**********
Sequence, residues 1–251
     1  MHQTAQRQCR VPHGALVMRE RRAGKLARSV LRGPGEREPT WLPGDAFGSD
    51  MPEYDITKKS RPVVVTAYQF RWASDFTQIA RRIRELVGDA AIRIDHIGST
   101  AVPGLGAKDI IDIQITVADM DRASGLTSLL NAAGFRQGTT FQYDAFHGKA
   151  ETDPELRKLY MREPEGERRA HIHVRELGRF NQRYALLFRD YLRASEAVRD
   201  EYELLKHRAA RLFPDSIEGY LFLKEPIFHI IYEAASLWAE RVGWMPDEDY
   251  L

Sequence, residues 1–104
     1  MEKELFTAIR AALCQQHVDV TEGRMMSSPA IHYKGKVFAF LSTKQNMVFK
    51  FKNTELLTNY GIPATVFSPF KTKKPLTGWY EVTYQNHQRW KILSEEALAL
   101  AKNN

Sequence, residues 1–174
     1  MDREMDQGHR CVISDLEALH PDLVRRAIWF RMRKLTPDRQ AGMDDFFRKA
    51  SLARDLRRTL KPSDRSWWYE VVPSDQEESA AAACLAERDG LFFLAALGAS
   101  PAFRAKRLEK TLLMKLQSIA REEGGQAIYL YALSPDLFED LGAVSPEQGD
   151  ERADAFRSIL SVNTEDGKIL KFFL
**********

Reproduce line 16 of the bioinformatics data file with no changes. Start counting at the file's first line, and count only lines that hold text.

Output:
   151  ERADAFRSIL SVNTEDGKIL KFFL